The fair values of our money market mutual funds and time deposits are based on the closing price of these assets as of the reporting date. We classify our money market mutual funds and time deposits as Level 1.
Our Level 2 over-the-counter foreign currency and interest rate swap derivatives are valued using pricing models and discounted cash flow methodologies based on observable foreign exchange and interest rate data at the measurement date.

13


ADOBE SYSTEMS INCORPORATED

NOTES TO CONDENSED CONSOLIDATED FINANCIAL STATEMENTS (Continued)

(Unaudited)

Our deferred compensation plan assets consist of money market mutual funds and other mutual funds.

Assets and Liabilities Measured at Fair Value on a Nonrecurring Basis

We also have direct investments in privately held companies accounted for under the cost method, which are periodically assessed for other-than-temporary impairment. If we determine that an other-than-temporary impairment has occurred, we write down the investment to its fair value. We estimate fair value of our cost method investments considering available information such as pricing in recent rounds of financing, current cash positions, earnings and cash flow forecasts, recent operational performance and any other readily available market data. For the three and nine months ended September 2, 2016, we determined there was an immaterial other-than-temporary impairment on certain of our cost method investments and wrote down the investments to fair value. For the three and nine months ended August 28, 2015, we determined there were no other-than-temporary impairments on our cost method investments.
As of September 2, 2016, the carrying value of our lease receivables approximated fair value, based on Level 2 valuation inputs which include Treasury rates, London Interbank Offered Rate (“LIBOR”) interest rates and applicable credit spreads. See Note 11 for further details regarding our investment in lease receivable.
The fair value of our senior notes was $2.05 billion as of September 2, 2016, based on observable market prices in less active markets and categorized as Level 2. See Note 12 for further details regarding our debt.
NOTE 5.  DERIVATIVES AND HEDGING ACTIVITIES
Hedge Accounting and Hedging Programs
We recognize all derivative instruments as either assets or liabilities on our Condensed Consolidated Balance Sheets and measure them at fair value. Gains and losses resulting from changes in fair value are accounted for depending on the use of the derivative and whether it is designated and qualifies for hedge accounting.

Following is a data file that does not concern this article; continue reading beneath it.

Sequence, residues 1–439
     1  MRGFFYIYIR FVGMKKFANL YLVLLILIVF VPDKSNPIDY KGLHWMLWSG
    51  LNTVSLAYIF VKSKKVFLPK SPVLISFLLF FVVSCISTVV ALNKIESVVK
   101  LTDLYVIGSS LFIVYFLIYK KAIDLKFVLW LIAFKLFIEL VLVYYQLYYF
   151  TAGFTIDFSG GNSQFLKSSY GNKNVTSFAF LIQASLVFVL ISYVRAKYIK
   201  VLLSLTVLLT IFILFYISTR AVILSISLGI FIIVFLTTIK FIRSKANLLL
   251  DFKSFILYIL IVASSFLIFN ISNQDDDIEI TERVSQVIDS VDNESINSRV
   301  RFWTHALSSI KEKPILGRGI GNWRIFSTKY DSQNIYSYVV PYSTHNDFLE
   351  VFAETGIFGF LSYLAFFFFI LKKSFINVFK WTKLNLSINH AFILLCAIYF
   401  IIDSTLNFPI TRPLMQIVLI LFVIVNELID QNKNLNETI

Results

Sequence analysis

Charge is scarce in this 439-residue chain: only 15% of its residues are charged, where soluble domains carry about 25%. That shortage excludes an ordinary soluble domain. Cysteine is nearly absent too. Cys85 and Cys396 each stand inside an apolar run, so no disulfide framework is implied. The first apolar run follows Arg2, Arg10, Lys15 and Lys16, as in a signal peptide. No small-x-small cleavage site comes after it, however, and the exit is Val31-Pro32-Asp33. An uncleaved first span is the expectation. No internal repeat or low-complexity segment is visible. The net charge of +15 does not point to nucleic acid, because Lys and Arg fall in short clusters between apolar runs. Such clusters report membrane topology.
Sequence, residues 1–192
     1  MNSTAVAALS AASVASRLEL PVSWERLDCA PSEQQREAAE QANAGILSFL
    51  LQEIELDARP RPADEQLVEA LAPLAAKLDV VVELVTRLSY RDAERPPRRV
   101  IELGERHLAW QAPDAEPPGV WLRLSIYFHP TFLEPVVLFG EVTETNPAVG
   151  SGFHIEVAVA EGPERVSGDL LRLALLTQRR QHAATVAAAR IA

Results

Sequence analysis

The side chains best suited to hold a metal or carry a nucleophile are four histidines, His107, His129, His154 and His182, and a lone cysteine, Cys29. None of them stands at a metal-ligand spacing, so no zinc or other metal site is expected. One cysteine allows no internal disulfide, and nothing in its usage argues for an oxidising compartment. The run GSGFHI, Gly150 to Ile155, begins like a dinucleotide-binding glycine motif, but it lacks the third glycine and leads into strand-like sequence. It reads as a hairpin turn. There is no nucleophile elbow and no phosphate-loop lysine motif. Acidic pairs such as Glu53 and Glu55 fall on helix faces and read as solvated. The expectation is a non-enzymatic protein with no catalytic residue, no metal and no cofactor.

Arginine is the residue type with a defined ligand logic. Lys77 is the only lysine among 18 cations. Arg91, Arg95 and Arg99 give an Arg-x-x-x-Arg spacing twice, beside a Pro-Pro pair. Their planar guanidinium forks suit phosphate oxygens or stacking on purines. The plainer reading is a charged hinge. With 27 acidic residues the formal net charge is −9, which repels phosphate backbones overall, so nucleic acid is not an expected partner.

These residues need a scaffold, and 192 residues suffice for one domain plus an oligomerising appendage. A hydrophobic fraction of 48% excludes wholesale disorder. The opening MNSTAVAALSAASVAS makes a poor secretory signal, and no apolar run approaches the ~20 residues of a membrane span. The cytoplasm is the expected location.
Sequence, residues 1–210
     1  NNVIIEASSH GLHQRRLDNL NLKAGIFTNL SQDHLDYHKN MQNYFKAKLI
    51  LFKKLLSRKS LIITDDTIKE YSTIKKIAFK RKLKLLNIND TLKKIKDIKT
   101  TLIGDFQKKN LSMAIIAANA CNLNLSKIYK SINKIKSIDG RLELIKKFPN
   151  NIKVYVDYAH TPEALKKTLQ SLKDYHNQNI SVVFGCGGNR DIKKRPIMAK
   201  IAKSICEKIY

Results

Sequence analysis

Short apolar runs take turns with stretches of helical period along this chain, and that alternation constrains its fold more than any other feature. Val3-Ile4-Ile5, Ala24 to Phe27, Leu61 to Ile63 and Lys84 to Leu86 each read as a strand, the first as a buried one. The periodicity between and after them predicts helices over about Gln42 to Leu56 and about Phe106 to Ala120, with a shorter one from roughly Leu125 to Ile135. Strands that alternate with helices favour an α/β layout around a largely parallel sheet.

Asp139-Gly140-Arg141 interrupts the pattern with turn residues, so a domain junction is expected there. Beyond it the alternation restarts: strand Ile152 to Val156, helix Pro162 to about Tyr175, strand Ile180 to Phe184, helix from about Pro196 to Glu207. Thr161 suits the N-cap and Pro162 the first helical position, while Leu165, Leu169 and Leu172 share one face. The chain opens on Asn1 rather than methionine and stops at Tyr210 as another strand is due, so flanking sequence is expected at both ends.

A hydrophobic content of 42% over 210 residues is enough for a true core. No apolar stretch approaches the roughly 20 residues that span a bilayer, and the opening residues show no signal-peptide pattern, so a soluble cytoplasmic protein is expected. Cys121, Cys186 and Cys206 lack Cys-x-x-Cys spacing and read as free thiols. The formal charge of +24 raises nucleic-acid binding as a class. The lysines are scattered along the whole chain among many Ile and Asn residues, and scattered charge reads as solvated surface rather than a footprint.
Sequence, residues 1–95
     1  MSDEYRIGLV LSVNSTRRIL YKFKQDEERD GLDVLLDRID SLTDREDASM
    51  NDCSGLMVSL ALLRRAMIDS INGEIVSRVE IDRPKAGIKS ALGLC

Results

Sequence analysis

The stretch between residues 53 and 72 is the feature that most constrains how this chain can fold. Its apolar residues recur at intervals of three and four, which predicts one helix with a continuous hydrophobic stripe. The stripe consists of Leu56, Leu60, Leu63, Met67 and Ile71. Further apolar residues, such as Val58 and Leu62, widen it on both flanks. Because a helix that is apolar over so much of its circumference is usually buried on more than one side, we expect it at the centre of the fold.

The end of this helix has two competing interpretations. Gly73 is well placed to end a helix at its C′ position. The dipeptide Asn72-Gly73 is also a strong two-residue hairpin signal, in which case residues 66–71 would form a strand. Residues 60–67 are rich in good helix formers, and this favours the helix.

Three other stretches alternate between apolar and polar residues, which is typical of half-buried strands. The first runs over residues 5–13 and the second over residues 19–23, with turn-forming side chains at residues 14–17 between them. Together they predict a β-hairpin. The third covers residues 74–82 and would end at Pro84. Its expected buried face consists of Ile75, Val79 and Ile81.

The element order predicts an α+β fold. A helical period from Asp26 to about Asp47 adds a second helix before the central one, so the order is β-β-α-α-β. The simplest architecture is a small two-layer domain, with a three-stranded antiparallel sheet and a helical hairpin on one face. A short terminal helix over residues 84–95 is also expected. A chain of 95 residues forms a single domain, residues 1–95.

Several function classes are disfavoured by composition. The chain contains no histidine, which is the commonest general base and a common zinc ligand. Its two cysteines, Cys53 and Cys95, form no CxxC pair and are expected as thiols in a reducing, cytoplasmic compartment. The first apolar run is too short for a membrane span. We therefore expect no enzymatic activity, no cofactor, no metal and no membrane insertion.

We evaluate hedge effectiveness at the inception of the hedge prospectively as well as retrospectively, and record any ineffective portion of the hedging instruments in interest and other income (expense), net in our Condensed Consolidated Statements of Income. The time value of purchased contracts is recorded in interest and other income (expense), net in our Condensed Consolidated Statements of Income.

The bank counterparties to these contracts expose us to credit-related losses in the event of their nonperformance which are largely mitigated with collateral security agreements that provide for collateral to be received or posted when the net fair value of certain financial instruments fluctuates from contractually established thresholds. In addition, the Company enters into master netting arrangements which have the ability to further limit credit-related losses with the same counterparty by permitting net settlement of transactions. Our hedging policy also establishes maximum limits for each counterparty to mitigate any concentration of risk.
Balance Sheet Hedging—Hedges of Foreign Currency Assets and Liabilities
We hedge our net recognized foreign currency denominated assets and liabilities with foreign exchange forward contracts to reduce the risk that the value of these assets and liabilities will be adversely affected by changes in exchange rates. These contracts hedge assets and liabilities that are denominated in foreign currencies and are carried at fair value with changes in the fair value recorded to interest and other income (expense), net in our Condensed Consolidated Statements of Income. These contracts do not subject us to material balance sheet risk due to exchange rate movements because gains and losses on these derivatives are intended to offset gains and losses on the assets and liabilities being hedged.